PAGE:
By the time the Soviet Union had interceptors or ground to air missiles that could offer a threat to the high altitude bombers, they had been switched to missile launching rather than bomb dropping roles. In this capacity, they didn't have to get very close to Soviet air defense systems.
The USAF plans to essentially "dive bomb" targets with nuclear armed fighters - now that was a far more unlikely scenario for success. Arguably though, that was just a way to try and convince the US public and the Soviet government that the US could deliver nuclear weapons before ICBMs were the norm.
The Vulcans prime function during the cold war would be to drop self-guided blue steel missile nukes from extremely high altitude, higher than any missile could reach at the time, practically skirting the atmosphere.
That was the real reason for the number and size of the engines so that they could actually run in such thin air. Once the poor russkys knew that a missile was on the way, the Vulcan would have long gone...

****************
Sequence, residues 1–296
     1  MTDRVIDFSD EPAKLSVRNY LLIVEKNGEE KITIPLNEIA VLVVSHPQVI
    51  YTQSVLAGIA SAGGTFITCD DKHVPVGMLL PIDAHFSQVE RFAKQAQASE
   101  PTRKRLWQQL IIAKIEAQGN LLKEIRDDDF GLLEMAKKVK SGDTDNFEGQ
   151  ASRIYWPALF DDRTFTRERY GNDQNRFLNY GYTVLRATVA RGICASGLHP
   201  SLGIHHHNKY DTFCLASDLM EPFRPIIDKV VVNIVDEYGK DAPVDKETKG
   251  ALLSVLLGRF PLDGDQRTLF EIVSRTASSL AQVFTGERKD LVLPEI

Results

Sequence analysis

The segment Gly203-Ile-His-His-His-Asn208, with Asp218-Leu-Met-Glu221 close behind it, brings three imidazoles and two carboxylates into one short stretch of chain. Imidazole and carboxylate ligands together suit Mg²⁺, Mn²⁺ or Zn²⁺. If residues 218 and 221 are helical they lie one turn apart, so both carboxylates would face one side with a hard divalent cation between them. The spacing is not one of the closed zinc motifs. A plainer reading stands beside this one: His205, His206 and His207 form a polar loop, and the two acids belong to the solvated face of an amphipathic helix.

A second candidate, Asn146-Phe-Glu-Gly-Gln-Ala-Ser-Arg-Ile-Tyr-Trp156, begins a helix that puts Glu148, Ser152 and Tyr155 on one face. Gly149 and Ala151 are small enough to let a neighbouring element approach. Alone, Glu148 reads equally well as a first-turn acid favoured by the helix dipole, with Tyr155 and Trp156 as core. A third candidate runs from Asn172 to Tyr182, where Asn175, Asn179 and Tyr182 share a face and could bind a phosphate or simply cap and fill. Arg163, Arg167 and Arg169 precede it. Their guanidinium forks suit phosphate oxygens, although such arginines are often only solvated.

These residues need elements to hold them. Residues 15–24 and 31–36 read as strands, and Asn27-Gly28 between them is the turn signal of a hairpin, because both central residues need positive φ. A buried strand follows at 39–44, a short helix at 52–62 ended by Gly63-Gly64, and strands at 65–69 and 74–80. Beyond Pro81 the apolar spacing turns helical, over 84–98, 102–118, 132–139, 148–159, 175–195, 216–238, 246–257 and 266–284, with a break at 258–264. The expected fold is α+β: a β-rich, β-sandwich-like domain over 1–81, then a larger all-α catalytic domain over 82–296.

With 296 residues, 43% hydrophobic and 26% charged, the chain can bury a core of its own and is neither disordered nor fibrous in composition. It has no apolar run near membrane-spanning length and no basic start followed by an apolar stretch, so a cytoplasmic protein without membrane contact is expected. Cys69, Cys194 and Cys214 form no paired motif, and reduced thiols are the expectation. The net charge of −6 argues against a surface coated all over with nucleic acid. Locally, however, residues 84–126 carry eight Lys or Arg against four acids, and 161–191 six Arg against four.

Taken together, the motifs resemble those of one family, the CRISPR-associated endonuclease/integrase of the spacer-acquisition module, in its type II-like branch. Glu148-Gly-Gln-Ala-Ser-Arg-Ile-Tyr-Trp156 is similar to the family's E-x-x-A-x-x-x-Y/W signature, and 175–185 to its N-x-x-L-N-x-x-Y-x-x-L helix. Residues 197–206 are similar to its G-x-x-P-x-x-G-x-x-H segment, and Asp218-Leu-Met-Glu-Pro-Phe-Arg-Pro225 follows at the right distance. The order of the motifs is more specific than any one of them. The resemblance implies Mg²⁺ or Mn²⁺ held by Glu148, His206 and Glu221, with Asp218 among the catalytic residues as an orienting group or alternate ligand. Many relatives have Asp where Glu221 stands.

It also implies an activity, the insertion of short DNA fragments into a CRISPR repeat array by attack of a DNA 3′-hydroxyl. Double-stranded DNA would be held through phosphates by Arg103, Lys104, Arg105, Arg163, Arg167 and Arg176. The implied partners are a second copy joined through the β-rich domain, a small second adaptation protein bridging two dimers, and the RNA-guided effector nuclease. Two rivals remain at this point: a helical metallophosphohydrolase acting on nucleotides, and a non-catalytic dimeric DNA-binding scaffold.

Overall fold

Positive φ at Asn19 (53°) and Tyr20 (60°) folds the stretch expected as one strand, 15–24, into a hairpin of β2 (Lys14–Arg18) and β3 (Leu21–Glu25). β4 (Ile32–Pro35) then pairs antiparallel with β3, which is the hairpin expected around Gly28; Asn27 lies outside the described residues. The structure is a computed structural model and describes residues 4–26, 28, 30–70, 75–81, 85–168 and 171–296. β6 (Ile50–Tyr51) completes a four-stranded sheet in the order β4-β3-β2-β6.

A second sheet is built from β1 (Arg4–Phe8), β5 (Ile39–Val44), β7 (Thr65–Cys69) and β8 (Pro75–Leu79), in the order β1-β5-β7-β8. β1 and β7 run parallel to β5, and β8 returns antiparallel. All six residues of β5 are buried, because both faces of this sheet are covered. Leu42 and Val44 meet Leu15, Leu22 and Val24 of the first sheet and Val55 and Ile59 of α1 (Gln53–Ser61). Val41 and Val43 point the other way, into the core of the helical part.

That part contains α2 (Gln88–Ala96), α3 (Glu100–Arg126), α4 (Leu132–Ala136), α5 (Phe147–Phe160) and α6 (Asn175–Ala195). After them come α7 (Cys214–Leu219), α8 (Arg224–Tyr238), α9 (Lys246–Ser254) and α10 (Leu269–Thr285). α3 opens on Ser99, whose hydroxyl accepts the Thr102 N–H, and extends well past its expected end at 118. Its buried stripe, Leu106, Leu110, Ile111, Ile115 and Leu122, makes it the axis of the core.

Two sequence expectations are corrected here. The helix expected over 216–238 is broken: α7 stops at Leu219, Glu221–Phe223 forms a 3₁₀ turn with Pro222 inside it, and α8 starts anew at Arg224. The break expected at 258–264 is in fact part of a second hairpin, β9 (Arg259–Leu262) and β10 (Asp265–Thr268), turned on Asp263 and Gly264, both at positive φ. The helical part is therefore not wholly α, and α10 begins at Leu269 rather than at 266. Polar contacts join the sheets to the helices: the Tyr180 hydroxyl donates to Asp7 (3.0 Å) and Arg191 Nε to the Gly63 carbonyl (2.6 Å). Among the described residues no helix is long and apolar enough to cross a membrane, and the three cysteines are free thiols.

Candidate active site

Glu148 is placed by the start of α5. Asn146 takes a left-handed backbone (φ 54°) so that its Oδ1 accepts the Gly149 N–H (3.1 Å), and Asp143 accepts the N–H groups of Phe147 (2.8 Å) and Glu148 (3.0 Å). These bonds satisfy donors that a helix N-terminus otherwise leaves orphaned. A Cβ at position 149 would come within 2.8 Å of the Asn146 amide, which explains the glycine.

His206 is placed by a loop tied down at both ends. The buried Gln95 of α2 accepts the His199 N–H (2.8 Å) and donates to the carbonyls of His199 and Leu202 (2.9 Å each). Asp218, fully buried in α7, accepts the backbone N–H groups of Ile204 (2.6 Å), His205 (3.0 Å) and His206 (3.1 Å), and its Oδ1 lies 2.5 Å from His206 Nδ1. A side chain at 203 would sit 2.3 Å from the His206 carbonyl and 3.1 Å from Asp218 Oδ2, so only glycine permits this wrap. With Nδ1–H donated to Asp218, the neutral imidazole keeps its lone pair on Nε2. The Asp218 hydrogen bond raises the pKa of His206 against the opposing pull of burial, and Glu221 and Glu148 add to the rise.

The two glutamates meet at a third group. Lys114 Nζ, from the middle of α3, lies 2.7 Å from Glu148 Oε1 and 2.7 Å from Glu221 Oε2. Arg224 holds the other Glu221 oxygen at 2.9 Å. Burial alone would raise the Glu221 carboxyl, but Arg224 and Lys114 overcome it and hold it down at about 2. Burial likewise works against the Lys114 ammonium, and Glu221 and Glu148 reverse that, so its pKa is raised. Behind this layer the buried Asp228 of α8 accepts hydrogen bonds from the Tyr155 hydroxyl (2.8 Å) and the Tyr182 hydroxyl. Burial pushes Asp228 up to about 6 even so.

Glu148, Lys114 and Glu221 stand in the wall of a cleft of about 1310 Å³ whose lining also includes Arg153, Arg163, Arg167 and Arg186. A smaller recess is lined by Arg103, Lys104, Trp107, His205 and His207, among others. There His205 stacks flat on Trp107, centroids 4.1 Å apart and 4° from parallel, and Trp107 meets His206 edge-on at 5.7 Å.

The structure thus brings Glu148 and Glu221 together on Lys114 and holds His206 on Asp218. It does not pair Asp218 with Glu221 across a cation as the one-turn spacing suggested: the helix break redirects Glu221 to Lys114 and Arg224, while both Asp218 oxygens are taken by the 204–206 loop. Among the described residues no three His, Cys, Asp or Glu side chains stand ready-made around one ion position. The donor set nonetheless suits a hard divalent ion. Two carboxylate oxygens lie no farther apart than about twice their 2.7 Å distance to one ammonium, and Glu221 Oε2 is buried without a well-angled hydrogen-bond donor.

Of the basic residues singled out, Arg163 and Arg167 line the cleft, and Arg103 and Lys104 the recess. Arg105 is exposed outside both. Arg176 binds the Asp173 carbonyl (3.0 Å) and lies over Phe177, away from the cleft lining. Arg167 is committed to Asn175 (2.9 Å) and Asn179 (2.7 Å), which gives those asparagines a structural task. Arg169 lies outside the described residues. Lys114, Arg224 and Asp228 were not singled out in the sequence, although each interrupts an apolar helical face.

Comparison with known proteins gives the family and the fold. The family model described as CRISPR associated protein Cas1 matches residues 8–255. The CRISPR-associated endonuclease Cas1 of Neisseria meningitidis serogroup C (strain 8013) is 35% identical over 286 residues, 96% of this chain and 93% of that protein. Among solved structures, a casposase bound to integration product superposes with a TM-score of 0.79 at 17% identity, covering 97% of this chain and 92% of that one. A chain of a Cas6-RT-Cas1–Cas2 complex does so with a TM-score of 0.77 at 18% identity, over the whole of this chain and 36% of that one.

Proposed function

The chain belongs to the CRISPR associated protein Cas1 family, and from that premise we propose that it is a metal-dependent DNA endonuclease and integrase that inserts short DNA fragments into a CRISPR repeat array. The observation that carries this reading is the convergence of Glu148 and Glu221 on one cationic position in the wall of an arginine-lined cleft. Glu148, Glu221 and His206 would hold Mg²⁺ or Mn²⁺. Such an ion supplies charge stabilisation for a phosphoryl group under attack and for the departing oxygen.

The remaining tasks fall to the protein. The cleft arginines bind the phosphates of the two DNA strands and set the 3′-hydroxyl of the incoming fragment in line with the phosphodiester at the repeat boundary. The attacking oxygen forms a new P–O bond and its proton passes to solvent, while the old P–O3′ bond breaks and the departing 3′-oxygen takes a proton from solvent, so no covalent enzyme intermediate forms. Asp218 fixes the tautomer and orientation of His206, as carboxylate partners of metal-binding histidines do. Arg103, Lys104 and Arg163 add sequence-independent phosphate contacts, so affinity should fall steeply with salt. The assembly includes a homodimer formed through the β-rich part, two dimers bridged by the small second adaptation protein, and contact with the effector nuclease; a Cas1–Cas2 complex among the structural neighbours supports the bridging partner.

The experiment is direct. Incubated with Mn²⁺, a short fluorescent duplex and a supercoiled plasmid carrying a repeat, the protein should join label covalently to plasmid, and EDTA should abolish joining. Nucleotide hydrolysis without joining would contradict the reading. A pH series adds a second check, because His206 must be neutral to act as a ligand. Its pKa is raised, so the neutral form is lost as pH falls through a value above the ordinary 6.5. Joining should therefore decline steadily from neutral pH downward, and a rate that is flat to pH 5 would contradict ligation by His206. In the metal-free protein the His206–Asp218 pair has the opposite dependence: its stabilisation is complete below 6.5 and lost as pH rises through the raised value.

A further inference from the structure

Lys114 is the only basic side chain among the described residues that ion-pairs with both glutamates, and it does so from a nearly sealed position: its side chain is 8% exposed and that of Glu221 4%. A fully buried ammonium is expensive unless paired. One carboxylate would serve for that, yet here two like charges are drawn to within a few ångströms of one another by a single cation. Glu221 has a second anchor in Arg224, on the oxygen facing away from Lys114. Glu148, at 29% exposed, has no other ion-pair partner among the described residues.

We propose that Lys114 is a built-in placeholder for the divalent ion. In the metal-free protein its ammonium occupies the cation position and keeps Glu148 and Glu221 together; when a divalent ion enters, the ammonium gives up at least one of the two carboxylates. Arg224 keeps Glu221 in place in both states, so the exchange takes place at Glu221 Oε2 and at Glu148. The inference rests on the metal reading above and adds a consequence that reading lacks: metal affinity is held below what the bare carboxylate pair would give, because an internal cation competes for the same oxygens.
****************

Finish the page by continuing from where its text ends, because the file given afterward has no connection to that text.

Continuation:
kindly explain just why the Vulcan had terrain following radar as standard then? the Blue Steel missiles were not intended to be dropped from high altitude... the Vulcan just popped up to a slightly higher altitude to launch then after confirming that the missile (s) were on their way, dropped back down to the altitude they'd flown in at... just above treetops... the final Blue Steels in service could be launched from as low as 1000 ft...
... spring to mind. Here are 2: